His famous fable in The Gay Science of the madman who announces God’s death is anything but a hymn of atheist triumphalism. In fact, the madman despairs of the mere atheists—those who merely do not believe—to whom he addresses his terrible proclamation. In their moral contentment, their ease of conscience, he sees an essential oafishness; they do not dread the death of God because they do not grasp that humanity’s heroic and insane act of repudiation has sponged away the horizon, torn down the heavens, left us with only the uncertain resources of our will with which to combat the infinity of meaninglessness that the universe now threatens to become.

Because he understood the nature of what had happened when Christianity entered history with the annunciation of the death of God on the cross, and the elevation of a Jewish peasant above all gods, Nietzsche understood also that the passing of Christian faith permits no return to pagan naivete, and he knew that this monstrous inversion of values created within us a conscience that the older order could never have incubated.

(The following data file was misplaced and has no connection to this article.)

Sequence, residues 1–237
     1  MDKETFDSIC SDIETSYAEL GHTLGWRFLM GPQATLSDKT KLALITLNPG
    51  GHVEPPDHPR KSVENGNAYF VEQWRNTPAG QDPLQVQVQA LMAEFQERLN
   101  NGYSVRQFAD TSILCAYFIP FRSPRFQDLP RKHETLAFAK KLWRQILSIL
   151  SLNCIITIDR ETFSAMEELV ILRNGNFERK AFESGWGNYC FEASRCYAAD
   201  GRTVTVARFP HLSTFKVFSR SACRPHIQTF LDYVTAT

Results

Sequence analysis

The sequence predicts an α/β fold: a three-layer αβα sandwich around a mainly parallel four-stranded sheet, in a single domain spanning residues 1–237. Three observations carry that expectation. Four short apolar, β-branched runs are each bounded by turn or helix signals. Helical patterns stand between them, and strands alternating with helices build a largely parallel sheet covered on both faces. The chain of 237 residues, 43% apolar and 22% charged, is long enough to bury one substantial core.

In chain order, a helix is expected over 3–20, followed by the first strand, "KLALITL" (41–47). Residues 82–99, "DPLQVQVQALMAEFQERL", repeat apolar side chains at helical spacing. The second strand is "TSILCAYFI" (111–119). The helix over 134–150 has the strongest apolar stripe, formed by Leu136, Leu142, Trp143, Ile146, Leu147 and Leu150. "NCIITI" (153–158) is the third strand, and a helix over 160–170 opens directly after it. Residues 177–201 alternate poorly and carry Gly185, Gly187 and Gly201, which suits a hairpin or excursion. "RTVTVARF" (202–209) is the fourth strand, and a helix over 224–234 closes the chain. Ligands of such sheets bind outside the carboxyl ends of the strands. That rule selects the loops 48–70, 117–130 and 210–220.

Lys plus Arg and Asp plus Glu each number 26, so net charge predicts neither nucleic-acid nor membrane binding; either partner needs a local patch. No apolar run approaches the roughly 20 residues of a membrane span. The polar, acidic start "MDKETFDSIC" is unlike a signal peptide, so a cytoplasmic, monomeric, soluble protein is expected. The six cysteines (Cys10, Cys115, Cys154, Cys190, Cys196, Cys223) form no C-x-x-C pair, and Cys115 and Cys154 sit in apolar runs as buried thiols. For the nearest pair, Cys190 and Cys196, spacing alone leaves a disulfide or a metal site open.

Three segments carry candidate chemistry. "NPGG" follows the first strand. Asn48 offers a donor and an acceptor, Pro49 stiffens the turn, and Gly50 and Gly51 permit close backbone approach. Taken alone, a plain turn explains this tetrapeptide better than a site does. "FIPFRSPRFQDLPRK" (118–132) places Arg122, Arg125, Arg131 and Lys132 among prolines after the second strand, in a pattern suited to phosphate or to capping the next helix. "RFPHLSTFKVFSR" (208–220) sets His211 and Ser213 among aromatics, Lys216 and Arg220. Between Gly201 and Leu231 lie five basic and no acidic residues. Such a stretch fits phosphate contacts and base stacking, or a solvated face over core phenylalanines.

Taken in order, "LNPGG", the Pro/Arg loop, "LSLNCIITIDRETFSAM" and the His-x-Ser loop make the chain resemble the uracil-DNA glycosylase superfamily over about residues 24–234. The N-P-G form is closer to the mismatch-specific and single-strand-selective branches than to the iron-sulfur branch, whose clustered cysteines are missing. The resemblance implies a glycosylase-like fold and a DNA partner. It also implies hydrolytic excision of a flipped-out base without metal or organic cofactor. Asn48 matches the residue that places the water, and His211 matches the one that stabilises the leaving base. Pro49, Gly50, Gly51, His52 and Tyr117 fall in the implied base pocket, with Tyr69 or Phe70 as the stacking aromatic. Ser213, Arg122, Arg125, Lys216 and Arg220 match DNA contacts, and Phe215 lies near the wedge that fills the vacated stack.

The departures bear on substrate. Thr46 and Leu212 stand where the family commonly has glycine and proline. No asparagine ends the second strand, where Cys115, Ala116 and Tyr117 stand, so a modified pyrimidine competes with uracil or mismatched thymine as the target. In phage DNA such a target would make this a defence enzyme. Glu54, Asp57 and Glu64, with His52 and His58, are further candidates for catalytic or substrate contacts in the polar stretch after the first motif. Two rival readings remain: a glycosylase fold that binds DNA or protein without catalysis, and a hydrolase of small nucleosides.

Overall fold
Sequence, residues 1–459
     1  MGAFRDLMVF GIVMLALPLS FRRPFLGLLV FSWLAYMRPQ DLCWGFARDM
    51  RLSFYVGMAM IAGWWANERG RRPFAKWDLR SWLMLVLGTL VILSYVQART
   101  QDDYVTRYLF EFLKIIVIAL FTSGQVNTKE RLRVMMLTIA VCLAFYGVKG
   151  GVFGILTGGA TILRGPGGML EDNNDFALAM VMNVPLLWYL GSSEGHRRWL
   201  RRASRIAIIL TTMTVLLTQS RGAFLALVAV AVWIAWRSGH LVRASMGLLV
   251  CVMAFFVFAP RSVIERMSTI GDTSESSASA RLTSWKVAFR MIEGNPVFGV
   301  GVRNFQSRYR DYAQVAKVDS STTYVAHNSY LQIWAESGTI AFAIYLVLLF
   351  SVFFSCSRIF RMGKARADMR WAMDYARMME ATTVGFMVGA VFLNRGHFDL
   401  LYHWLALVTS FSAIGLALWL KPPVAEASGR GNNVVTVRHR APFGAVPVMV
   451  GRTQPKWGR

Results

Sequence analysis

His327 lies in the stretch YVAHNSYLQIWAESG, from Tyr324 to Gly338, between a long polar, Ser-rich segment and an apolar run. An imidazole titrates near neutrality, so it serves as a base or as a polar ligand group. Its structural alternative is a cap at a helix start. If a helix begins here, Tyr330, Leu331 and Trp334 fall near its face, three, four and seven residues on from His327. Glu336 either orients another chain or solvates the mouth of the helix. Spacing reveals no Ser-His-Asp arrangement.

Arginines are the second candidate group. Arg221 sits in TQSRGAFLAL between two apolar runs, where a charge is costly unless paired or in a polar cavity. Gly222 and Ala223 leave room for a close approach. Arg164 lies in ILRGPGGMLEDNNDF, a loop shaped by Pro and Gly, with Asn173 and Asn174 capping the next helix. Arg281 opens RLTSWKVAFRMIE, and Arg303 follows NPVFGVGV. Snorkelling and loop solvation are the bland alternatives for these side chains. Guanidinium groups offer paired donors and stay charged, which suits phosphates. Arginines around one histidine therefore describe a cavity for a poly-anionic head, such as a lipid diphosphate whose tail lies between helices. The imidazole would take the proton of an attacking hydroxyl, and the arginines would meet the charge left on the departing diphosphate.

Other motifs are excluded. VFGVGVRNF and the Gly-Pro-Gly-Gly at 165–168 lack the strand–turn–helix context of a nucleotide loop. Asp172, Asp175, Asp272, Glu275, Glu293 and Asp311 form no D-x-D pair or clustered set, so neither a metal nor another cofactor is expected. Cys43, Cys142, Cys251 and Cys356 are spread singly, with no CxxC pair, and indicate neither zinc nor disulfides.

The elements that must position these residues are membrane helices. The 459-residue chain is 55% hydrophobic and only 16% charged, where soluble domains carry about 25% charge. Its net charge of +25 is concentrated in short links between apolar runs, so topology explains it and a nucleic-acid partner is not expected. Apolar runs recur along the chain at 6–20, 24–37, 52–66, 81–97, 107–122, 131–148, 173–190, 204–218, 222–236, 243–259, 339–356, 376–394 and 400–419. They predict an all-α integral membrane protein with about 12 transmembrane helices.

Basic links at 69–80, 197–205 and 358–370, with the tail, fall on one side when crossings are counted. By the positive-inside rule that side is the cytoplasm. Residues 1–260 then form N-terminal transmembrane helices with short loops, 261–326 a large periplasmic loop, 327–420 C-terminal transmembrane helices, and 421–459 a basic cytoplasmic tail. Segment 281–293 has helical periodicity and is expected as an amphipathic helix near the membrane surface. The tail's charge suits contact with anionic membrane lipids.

He understood also that the death of God beyond us is the death of the human as such within us. If we are, after all, nothing but the fortuitous effects of physical causes, then the will is bound to no rational measure but itself, and who can imagine what sort of world will spring up from so unprecedented and so vertiginously uncertain a vision of reality?

Coping with criticism

Helpful words from Marcus Honeysett.  There are shades of Psalm 73 in this counsel:
Worship is the refuge that allows us to respond to criticism well rather than defensively. Worship is the means by which God is allowed to be bigger in our perspective than our critics. Worship allows us to not be precious about us and our reputations because we are absorbed not with ourselves but with him. 
Criticism isn't nice, but criticism that gets out of perspective is debilitating. Worship puts our perspective right, bastions our hearts, makes us rejoice in God and find our happiness (that criticism would wish to destroy) in him.